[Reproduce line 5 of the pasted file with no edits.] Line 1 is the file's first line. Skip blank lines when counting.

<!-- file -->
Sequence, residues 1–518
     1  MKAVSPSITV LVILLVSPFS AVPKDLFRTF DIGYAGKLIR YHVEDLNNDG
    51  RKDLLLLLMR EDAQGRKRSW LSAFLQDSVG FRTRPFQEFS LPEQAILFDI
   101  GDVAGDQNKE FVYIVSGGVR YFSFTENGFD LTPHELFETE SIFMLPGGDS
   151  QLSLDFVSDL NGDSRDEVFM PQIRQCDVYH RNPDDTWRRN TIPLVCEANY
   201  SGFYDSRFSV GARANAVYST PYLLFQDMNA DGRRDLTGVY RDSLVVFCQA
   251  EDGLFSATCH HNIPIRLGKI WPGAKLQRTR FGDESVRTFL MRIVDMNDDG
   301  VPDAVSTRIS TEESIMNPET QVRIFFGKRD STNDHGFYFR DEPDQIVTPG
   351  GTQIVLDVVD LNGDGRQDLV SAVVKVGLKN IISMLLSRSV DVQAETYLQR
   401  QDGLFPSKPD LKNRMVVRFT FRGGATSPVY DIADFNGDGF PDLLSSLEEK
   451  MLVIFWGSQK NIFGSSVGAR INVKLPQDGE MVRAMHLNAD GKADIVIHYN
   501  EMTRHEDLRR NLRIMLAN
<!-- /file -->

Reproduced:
   151  QLSLDFVSDL NGDSRDEVFM PQIRQCDVYH RNPDDTWRRN TIPLVCEANY